Baughman says they decided to look at a rice-based whiskey for customers who want to avoid gluten.
“If we could make a (rice) whiskey that tasted as good as any other whiskey out there or even better, then we would have a product that is 100 percent gluten free,” he says. “And as long as we have it in 100 percent new barrels, then we would have no contamination.”
Baughman says he also believes his is the only distillery currently using malted rice in whiskey.
“One of the biggest issues that a lot of distilleries have is actually figuring out how to do a mash for rice efficiently to get the higher gravities you do with other grains,” he says. “We’ve figured out the ideal temperatures and mash times since we started using Jim’s product.”
The higher gravities to which Baughman referred are an indication of higher alcohol content.
Whiskey is made by coarsely grinding dried malted grain — in this case rice — and mixing it with hot water in a mash tun. Periodic stirring of the mash aids in the conversion of starches to sugar.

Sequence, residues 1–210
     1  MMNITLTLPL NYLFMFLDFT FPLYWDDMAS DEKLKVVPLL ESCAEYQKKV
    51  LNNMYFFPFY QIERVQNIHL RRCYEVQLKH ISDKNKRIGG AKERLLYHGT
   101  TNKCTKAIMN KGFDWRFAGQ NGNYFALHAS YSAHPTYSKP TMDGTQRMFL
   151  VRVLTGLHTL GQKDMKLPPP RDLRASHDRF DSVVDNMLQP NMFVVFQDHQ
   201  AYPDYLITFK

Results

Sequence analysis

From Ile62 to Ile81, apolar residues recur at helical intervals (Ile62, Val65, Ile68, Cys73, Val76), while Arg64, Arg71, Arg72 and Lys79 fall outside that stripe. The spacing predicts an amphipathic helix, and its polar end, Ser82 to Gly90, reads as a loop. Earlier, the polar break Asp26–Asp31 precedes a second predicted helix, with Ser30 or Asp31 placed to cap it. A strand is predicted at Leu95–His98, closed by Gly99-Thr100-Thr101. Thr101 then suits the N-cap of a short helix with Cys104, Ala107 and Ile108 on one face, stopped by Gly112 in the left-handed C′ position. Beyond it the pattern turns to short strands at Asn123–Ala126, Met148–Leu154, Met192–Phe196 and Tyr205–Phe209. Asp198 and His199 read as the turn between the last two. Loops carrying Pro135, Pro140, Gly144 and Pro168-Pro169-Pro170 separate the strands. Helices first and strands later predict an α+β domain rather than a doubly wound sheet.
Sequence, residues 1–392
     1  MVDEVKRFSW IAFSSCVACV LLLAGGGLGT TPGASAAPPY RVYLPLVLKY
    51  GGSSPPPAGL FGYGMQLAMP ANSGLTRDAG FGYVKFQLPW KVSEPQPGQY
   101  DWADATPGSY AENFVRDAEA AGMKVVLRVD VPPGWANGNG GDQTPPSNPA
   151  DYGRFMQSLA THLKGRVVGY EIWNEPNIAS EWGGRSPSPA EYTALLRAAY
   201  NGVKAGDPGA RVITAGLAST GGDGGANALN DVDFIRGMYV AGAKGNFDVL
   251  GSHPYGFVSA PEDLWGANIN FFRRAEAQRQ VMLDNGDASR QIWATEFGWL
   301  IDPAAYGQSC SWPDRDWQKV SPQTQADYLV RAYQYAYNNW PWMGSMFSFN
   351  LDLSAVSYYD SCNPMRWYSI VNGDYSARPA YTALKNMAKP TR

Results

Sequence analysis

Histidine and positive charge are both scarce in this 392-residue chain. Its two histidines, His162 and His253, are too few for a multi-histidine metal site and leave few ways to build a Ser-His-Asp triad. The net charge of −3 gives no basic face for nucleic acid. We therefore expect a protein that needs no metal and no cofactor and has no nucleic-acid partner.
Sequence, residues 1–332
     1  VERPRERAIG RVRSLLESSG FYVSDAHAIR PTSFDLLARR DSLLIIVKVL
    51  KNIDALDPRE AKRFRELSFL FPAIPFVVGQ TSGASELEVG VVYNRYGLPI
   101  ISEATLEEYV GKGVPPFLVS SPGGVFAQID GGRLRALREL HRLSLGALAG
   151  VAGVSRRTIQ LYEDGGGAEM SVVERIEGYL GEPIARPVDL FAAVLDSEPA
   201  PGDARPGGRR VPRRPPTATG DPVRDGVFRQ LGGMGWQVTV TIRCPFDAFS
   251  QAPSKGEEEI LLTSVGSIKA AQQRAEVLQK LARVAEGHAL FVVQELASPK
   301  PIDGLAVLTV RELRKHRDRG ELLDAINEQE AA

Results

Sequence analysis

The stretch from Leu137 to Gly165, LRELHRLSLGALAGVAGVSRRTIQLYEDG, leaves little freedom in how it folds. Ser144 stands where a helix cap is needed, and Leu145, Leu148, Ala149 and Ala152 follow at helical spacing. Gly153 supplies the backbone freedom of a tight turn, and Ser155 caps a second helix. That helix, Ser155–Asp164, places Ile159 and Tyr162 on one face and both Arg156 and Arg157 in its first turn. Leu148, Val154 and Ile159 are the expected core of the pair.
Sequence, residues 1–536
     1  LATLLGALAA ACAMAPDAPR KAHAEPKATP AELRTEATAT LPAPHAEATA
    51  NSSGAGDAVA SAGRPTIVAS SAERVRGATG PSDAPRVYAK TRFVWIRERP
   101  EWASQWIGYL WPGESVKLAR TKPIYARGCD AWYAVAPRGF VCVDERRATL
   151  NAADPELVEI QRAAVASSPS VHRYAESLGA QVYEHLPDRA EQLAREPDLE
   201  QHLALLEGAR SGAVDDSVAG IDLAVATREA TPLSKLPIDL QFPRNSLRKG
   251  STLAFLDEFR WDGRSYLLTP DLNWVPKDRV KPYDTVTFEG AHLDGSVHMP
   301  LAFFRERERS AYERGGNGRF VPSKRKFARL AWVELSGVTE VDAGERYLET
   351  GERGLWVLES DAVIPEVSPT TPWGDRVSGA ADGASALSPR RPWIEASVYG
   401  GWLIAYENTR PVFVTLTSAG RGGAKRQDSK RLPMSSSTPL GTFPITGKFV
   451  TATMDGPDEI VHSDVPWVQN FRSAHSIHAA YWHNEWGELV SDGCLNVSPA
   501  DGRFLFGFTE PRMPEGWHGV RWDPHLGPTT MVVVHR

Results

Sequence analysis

At just the right time, the wort is drained off. Yeast is then added to the wort. Once fermentation is complete, the liquid is run through distillation, which concentrates the alcohol content and removes undesirable components.
The liquid then moves into oak casks, where it ages and matures before bottling.
Gluten-free beers grow slowly but steadily
How many small-scale or craft breweries use rice to make gluten-free beers is hard to gauge, says Chris Swersey, supply chain specialist and competition manager with the Denver, Colorado-based Great American Beer Festival.
“We don’t benchmark rice usage at craft breweries, so I don’t have good figures for you among our members,” he says in an email.
Nevertheless, Swersey says he has seen the category grow during the past few years within the competition. To be entered into the gluten-free category, the beer must be produced using all gluten-free ingredients. It cannot be gluten reduced, which involves using enzymes that break up the gluten protein.
“At least 15 beers entered in the 2016 Great American Beer Festival were made with rice,” Swersey says. “Most of these were entered as gluten-free beers, but not all. We don’t collect recipe/amount data, and the identity of these breweries would unfortunately be confidential.
“We’ve seen slow growth in the GF category at the GABF, with 24 entries in 2015, 37 entries last year, and the same number at this time — 37 — heading into 2017 GABF.”